When someone loses a loved one, feelings of grief can be overwhelming. Bereaved individuals can experience a range of emotions, inside and outside the scope of the generally recognized stages of grief. However, according to the results of a recent study, the circumstances surrounding the death can have an even bigger impact on grief, and can even increase the risk of mortality for the bereaved.
Sunil M. Shah, MBBS, of the Division of Population Health Sciences and Education at St. George’s University of London, recently led a study that looked at how losing a loved one unexpectedly compared to expectedly affected mortality. Shah evaluated the records of over 170,000 couples over the age of 60 and looked at death from chronic illness versus unexpected death and how these deaths impacted the risk of mortality on the surviving partner in the first 12 months following the death.
The results revealed that partners who had lost their loved one unexpectedly were more likely to die in the first year following their loss than those who lost loved ones to a chronic illness. This finding could be interpreted in a number of ways. Individuals who are aware of the impending mortality of their loved ones may be better prepared, emotionally, financially, and physically, to carry on after the death. They may surround themselves with a support network and may take steps to ensure their own health.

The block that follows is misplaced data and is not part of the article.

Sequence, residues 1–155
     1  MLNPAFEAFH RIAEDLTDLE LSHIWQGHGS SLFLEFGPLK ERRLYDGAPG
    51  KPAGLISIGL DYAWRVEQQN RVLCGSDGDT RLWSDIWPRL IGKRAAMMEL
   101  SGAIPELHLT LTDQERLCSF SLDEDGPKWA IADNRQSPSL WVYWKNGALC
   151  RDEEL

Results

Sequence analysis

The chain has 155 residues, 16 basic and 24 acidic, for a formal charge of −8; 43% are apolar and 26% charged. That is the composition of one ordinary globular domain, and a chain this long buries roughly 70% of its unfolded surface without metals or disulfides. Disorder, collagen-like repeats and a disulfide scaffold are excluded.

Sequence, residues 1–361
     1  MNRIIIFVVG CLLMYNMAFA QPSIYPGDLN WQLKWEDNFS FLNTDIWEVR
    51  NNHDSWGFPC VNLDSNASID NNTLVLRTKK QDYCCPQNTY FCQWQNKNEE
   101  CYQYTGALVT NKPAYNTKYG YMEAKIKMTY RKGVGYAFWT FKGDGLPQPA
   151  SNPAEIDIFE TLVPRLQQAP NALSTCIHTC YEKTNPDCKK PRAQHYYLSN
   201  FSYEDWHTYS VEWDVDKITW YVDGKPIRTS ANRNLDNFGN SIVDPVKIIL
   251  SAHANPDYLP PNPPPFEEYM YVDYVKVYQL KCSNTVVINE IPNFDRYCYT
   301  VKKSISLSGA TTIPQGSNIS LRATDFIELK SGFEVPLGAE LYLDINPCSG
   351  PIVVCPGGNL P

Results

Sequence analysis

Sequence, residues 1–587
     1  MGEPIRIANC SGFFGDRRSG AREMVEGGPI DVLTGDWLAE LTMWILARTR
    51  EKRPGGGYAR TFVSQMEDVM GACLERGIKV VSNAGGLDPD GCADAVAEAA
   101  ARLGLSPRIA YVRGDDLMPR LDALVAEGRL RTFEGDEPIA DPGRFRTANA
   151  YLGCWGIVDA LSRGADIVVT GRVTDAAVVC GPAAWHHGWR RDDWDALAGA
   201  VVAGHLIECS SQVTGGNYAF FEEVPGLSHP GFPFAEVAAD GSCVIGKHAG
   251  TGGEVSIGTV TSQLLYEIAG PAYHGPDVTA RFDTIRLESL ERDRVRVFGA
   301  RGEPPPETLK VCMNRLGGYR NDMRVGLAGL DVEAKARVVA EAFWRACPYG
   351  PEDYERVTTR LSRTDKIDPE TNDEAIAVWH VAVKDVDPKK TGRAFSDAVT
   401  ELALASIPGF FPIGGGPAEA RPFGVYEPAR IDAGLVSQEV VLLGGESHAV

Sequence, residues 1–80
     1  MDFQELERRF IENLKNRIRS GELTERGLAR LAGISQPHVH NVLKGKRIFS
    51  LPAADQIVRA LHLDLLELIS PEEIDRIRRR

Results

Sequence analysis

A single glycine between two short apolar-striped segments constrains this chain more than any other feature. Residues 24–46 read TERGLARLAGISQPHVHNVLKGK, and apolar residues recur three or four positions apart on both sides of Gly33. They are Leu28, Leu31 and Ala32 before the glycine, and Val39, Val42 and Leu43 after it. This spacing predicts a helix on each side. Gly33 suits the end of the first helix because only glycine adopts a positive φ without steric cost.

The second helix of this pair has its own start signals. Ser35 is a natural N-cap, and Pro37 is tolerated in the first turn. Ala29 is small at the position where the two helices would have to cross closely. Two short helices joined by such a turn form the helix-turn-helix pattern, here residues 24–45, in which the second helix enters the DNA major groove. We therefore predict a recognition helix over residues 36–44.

In contrast, those who do not expect the death are often left unprepared for life after the loss. In these cases, they may not have adequate social, emotional or even financial resources to care for themselves, especially during the grieving phase. This can increase the negative impact of the loss to their own health and well-being, putting them at risk for illnesses and early mortality.
Shah believes that this research demonstrates the unique way in which death affects an elderly partner and that this information sheds light on a need in the elderly community. “Our findings highlight the potential value of preparing individuals for the death of a spouse with known morbidity and providing extra support after bereavement for those experiencing sudden unexpected bereavement,” added Shah.
Shah, Sunil M., MBBS, MSc, et al. (2013). The effect of unexpected bereavement on mortality in older couples. American Journal of Public Health 103.6 (2013): 1140-5. ProQuest. Web.
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